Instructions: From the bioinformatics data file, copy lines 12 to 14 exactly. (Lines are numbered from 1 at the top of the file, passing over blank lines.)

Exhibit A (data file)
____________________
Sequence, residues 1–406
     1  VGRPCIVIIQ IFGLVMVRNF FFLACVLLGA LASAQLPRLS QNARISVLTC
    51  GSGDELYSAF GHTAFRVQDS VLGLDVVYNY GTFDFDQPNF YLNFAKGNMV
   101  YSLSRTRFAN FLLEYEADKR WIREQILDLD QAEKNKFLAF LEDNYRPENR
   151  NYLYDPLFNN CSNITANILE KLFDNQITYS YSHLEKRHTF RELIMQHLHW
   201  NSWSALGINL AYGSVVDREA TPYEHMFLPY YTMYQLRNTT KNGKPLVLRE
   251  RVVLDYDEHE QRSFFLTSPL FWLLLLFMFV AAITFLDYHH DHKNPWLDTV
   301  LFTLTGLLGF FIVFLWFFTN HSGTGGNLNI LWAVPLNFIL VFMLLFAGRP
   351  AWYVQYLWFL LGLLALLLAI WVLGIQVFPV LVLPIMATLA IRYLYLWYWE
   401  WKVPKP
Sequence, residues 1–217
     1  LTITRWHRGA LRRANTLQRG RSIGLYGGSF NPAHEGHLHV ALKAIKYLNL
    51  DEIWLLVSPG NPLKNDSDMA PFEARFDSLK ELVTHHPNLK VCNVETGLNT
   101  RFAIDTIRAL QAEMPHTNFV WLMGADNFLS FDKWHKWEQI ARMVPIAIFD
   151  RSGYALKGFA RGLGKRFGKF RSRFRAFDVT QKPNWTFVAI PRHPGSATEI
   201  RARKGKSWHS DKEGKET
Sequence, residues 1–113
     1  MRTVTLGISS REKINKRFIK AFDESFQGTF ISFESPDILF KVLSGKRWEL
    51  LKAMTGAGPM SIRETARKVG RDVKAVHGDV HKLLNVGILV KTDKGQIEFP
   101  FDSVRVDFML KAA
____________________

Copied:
     1  LTITRWHRGA LRRANTLQRG RSIGLYGGSF NPAHEGHLHV ALKAIKYLNL
    51  DEIWLLVSPG NPLKNDSDMA PFEARFDSLK ELVTHHPNLK VCNVETGLNT
   101  RFAIDTIRAL QAEMPHTNFV WLMGADNFLS FDKWHKWEQI ARMVPIAIFD